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Equitable Distribution Litigation

Friday, October 30, 2015

Divorce Settlements

What should you ask for in divorce settlement negotiations?

It was a hard decision, but you have finally decided that you want a divorce. Unfortunately, it might get worse before it gets better. At this point, you have to contemplate what your situation will be like after you transition from being part of a couple to being a single person. There are financial and logistical matters to address and an experienced divorce attorney can assist you in identifying and obtaining what you want out of your divorce settlement.

If you have children, they are likely your number one priority. Decisions relating to children can be difficult, but they must be thought through. Do you want custody of your kids or would you prefer visitation? Are you likely to get custody if you petition for it? If do not want or receive custody, can you pay child support? All of these matters can be agreed upon or litigated and incorporated into your divorce settlement agreement. It is always best to negotiate agreements that are as detailed as possible when it comes to custody, visitation and support matters, as these agreements are difficult and expensive to modify after the fact.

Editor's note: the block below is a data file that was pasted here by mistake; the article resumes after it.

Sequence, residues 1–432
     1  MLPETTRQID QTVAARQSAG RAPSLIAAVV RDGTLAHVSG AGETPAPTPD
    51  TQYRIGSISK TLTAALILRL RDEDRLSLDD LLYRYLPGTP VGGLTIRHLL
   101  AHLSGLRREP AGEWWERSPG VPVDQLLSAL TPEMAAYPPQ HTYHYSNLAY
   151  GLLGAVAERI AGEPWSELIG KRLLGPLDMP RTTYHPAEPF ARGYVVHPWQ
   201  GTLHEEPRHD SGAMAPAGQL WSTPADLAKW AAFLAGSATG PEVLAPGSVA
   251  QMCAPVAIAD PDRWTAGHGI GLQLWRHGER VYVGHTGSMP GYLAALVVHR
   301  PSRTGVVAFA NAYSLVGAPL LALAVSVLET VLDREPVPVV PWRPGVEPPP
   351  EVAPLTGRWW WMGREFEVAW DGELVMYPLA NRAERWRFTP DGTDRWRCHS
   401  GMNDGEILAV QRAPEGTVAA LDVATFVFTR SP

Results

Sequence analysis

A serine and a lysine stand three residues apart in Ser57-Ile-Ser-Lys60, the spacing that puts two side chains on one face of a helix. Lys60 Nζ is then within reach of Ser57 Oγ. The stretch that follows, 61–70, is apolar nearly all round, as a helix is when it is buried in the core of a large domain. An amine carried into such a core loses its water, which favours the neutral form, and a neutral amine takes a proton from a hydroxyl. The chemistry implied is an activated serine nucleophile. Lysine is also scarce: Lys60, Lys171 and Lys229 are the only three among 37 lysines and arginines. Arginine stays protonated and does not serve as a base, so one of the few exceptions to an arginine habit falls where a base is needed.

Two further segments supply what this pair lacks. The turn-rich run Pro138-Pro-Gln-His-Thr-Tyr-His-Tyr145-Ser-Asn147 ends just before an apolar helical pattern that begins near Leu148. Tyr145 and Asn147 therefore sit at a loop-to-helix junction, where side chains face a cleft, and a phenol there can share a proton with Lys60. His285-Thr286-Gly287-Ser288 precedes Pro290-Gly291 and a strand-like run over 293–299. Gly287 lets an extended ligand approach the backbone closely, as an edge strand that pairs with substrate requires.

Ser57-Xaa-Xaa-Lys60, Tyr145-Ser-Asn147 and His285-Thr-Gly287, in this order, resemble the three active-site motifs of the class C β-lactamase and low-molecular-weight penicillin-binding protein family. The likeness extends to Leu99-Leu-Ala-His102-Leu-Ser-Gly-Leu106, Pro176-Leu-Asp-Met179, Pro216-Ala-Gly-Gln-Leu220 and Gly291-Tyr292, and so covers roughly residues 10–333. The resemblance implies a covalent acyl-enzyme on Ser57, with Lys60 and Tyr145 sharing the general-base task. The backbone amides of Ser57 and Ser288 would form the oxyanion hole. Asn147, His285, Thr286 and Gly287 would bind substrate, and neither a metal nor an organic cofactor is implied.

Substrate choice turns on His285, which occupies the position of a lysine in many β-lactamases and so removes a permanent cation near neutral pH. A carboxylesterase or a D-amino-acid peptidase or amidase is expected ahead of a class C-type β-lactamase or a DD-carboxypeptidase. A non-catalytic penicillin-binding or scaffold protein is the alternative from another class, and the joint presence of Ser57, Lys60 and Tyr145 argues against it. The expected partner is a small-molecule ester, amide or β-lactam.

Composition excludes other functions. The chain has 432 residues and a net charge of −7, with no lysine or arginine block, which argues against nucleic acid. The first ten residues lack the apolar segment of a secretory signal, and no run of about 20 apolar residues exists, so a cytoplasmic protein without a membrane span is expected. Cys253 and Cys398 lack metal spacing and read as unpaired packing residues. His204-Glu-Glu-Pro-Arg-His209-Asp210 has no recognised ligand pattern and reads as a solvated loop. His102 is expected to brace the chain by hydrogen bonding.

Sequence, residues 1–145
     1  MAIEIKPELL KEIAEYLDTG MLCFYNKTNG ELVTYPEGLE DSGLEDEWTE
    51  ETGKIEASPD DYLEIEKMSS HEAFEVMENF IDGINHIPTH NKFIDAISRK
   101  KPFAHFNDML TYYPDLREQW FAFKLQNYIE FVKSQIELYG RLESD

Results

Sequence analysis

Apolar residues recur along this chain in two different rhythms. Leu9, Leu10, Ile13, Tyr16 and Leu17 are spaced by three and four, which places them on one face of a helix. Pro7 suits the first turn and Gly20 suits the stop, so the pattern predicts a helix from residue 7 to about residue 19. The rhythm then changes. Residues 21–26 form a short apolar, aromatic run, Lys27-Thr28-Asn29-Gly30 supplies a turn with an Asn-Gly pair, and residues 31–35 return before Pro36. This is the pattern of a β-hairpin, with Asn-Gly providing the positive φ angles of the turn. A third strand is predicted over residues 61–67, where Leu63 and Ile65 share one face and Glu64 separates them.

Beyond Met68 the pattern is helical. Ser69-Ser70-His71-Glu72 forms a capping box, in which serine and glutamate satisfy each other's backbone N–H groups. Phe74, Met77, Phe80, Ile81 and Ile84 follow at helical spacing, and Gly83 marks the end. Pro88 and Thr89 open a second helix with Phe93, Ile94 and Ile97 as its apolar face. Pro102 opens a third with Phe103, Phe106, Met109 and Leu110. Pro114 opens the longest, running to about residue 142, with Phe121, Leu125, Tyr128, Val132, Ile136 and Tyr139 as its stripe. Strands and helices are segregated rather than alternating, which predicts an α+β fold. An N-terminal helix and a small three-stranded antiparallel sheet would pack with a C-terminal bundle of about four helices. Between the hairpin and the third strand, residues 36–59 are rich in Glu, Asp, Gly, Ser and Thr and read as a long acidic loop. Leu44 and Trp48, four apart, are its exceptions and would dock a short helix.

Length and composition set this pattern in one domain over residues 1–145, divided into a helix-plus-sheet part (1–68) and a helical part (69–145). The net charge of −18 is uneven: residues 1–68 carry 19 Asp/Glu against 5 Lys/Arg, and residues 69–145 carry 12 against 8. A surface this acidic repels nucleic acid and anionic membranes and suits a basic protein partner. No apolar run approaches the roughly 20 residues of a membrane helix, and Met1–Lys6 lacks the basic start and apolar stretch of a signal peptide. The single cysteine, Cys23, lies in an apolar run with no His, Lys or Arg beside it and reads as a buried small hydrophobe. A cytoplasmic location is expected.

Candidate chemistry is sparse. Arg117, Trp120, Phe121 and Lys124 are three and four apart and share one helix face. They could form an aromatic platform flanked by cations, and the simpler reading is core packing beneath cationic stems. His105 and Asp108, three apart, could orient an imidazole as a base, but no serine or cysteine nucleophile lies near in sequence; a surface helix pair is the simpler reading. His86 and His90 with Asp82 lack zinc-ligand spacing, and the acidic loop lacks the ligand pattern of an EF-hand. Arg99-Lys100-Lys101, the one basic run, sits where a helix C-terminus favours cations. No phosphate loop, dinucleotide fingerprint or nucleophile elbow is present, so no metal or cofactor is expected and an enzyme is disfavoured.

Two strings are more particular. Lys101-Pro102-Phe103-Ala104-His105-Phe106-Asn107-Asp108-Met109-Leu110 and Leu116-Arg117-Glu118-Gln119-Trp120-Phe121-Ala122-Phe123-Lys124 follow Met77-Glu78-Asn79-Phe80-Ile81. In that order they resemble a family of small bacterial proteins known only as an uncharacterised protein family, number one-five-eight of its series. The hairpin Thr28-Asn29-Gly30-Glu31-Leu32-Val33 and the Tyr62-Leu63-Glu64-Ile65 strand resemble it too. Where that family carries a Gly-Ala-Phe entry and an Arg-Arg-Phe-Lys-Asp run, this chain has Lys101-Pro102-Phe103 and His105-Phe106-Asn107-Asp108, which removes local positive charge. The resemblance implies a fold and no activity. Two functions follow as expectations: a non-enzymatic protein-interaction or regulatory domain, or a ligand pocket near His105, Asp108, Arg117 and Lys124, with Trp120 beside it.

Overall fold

Another important matter is where you will live after your divorce. Do you want to stay in the marital home? Can you afford to buy your partner out and make any necessary monthly payments? Or would you rather sell and move somewhere that is better suited to your new status? You can work out all of the details of either buying or selling the family home and including these terms in your divorce settlement agreement.